The fuel economy of the 6.7L was decidedly better than previous engines, and the increased power outputs delighted Ford truck owners everywhere. The towing capacity of the trucks has steadily risen over the years so the 2022 Powerstroke Turbo Diesel pulls 20,000 lbs up to 22,500 lbs with a gooseneck or fifth wheel hitch.
Are There Ford Diesel Engines To Avoid?
Even though Ford has made several quality diesel engines, some have less-than-perfect track records.
The worst decision that Ford ever made was to discontinue the 7.3L that seems to have captured the hearts of truck lovers nationwide. The 6.0-liter power stroke V8 was less powerful, consumed more gas, and had severe electrical problems. Common complaints were dealing with the oil cooler, EGR, and turbocharger failure, all of which affected the performance of the truck.
Owners were disgusted with the diesel engines constantly breaking down or having to empty their bank accounts just to fill up the gas tank. (By this time, the price of diesel fuel had caught up and surpassed that of a gallon or regular unleaded).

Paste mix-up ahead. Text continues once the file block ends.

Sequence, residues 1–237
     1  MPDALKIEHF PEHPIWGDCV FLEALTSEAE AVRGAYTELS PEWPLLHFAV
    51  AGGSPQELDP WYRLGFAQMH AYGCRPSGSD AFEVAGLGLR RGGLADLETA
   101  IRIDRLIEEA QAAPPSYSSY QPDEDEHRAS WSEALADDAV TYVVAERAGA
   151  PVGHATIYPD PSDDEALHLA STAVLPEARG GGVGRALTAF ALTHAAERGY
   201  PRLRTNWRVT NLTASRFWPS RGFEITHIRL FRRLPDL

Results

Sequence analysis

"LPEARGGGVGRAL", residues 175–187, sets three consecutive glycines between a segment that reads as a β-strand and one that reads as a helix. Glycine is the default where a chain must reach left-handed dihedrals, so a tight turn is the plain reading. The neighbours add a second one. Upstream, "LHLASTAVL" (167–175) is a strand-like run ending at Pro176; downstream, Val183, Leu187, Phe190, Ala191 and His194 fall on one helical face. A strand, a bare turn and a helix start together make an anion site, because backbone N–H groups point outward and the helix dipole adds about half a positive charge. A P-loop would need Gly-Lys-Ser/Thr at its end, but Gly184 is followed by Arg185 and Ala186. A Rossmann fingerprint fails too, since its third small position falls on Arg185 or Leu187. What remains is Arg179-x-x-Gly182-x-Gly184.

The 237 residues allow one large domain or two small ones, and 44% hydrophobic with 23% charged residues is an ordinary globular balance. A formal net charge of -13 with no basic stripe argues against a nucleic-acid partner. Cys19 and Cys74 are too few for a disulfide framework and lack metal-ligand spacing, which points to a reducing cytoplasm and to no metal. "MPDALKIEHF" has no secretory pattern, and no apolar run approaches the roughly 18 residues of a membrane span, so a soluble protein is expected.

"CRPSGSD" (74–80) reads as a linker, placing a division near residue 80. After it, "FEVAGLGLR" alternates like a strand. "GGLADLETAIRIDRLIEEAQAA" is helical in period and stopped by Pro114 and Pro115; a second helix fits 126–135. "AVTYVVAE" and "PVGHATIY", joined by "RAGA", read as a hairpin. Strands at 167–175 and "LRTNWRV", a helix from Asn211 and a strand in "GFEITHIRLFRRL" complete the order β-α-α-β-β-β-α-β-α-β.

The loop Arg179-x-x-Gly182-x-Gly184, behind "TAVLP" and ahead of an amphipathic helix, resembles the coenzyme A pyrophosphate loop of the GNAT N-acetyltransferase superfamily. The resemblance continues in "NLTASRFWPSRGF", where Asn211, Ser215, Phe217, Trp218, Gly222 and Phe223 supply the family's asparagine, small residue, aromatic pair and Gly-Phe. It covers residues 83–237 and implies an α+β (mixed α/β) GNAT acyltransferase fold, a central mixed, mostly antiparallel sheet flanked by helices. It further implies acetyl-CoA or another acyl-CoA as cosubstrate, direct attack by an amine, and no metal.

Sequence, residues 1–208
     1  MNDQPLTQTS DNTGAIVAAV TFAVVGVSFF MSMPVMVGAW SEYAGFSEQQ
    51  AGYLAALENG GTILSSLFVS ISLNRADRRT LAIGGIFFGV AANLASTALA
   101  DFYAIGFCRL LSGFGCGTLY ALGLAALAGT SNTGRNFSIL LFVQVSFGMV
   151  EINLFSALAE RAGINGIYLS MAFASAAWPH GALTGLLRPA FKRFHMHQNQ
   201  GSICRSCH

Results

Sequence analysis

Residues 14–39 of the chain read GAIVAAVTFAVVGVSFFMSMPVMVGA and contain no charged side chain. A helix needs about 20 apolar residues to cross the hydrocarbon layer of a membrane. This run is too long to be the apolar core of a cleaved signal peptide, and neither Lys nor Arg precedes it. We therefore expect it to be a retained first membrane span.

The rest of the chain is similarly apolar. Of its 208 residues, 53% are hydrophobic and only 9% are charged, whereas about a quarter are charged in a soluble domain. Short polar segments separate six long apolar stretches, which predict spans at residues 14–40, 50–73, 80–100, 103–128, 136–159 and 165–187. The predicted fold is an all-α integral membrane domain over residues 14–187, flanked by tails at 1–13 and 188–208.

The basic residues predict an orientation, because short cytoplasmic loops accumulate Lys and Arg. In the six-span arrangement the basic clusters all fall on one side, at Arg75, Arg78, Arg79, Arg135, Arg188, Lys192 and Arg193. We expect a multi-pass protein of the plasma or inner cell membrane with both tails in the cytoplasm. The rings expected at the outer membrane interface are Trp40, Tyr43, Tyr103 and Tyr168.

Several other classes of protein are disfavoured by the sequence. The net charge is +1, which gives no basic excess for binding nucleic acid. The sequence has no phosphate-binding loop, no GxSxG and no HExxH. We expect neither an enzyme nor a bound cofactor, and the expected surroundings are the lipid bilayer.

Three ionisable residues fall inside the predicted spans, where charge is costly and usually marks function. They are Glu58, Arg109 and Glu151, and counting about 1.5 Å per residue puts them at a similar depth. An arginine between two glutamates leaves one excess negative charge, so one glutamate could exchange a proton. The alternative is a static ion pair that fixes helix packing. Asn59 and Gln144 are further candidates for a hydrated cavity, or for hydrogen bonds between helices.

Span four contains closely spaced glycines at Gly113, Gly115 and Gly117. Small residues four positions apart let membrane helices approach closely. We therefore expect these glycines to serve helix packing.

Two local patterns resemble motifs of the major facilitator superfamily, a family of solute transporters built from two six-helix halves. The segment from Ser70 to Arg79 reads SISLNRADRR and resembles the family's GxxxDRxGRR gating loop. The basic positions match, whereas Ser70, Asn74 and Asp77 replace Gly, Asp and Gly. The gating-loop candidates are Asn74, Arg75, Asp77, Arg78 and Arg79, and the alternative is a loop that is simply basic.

As Ford service centers started piling up with broken-down Ford trucks and mechanics fell further and further behind, consumer anger grew proportionately. When several class-action lawsuits were filed, Ford lost in an appeals court when it was determined that the company had committed fraud in selling the diesel. (Ford would turn around and sue Navistar for $493 million).
The company tried to salvage what it could with the development of the 6.4L diesel, but it wasn’t much better than the previous 6.0. What had been the most reliable diesel engine on the planet (7.3L), was now a pitiful shell of its former self. Ford owners began to abandon the brand in droves, and Ford felt obligated to go to the drawing board again.
Common issues in the 6.4L were broken pistons, emissions issues, block manifolds, and fuel injector failures. Most engines from these years are not worth the money you might pay, despite the availability of aftermarket parts. (Many restorers will tell you that the best thing you can do with a 6.4L Power Stroke is to run away from it as fast as you can).